As the Gulf of Mexico air rises, moisture condenses, and rain drenches the land below. Researchers say the Midwest water hose accounted for 70% of the region’s annual precipitation in 2019. They also predict the frequency of the Midwest water hose and other extreme weather events will increase in the future.

Climate change presents us with a mixed bag of changing weather patterns for our future. Warmer conditions will increase the amount of evaporation and transpiration, pumping more moisture into an atmosphere with a greater capacity for water retention. In areas not receiving significant rain, droughts and megadroughts present challenges to large populations as the heat leads to significantly dryer conditions. At the same time, the water-laden atmosphere will find places to unload, making other areas wetter and more flood-prone.

People who believe climate change is a problem that won’t affect them are in for a rude awakening. Shifting weather patterns will force changes in the way we all live our lives. Patterns of living for individuals and society at large will be altered by the Anthropocene world we have all helped to create. In plain language, “we must reap what we sow.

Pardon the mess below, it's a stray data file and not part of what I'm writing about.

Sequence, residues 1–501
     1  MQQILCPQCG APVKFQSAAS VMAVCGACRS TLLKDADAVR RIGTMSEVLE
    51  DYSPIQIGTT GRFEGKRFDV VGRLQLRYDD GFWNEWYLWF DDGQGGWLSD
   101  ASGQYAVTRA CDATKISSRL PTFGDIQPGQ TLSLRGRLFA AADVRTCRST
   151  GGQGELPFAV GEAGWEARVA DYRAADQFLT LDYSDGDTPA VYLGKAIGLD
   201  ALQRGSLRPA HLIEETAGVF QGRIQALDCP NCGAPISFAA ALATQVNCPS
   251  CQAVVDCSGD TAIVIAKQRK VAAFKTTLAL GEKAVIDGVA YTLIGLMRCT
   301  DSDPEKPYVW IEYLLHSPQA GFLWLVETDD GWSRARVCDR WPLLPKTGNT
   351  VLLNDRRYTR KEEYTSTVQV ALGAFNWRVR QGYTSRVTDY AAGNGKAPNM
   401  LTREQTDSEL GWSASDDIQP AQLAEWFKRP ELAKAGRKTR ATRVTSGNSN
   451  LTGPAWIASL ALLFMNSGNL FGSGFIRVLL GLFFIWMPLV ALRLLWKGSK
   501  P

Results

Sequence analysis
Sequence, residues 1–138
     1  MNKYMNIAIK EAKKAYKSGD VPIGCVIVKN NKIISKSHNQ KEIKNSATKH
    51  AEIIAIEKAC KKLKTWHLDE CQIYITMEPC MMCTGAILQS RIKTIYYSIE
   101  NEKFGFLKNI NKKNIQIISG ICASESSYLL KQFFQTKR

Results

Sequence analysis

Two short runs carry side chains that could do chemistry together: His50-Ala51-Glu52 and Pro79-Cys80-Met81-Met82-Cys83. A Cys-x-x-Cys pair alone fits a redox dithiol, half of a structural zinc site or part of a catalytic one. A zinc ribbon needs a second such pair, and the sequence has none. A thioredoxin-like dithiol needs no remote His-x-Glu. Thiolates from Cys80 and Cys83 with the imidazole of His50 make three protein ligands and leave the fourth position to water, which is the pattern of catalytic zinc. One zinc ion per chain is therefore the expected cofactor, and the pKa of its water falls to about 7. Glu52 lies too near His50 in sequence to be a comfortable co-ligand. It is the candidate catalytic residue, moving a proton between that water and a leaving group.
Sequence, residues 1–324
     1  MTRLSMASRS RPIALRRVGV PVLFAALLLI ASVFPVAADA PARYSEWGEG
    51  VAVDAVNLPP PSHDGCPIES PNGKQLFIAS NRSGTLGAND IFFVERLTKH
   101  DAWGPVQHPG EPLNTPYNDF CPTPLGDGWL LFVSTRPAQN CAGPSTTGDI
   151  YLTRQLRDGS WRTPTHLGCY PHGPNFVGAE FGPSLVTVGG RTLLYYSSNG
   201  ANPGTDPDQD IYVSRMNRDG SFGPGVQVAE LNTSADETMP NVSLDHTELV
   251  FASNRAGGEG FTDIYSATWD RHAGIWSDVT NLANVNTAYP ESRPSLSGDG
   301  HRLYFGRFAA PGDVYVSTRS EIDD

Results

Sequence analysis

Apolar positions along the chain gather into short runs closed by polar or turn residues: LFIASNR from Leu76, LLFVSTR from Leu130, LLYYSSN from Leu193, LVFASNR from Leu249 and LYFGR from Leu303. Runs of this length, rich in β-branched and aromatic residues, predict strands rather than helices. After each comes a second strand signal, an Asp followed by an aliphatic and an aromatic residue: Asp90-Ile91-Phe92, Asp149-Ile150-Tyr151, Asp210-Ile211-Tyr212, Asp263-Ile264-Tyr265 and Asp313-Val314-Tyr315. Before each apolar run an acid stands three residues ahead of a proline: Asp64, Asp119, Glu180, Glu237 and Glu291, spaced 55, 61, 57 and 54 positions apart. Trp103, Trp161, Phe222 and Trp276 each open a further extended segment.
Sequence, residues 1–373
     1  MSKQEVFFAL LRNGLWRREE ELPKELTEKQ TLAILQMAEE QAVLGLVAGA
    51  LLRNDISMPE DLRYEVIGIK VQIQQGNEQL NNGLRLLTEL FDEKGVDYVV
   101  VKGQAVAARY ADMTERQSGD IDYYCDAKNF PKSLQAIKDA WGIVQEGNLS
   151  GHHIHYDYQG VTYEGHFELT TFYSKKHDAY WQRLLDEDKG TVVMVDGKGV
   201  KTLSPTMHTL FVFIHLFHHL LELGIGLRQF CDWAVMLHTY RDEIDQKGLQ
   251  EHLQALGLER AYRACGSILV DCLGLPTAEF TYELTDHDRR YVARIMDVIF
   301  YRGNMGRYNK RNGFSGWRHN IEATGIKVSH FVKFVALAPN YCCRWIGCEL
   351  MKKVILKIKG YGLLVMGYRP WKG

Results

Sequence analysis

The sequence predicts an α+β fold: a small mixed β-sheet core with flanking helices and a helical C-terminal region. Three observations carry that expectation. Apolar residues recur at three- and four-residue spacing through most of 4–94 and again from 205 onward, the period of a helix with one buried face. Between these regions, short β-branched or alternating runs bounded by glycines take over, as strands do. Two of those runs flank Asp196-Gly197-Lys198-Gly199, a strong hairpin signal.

Related Articles:

Water and Megadroughts (by WM House; ArcheanWeb)

Climate Change and Water (by WM House; ArcheanWeb)

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Climate Change Indicators: U.S. and Global Precipitation (Source: EPA)

Climate change-driven ‘Midwest water hose’ caused massive 2019 flooding in Iowa, elsewhere, UI researchers find (by Donnelle Eller; Des Moines Register)

Contribution of historical precipitation change to US flood damages (by Frances V. Davenport, Marshall Burke, and Noah S. Diffenbaugh; PNAS)

Climate Change and Agriculture in the United States: Effects and Adaptation (Source: USDA)

William House
William is an earth scientist and writer with an interest in providing the science "backstory" for breaking environmental, earth science, and climate change news.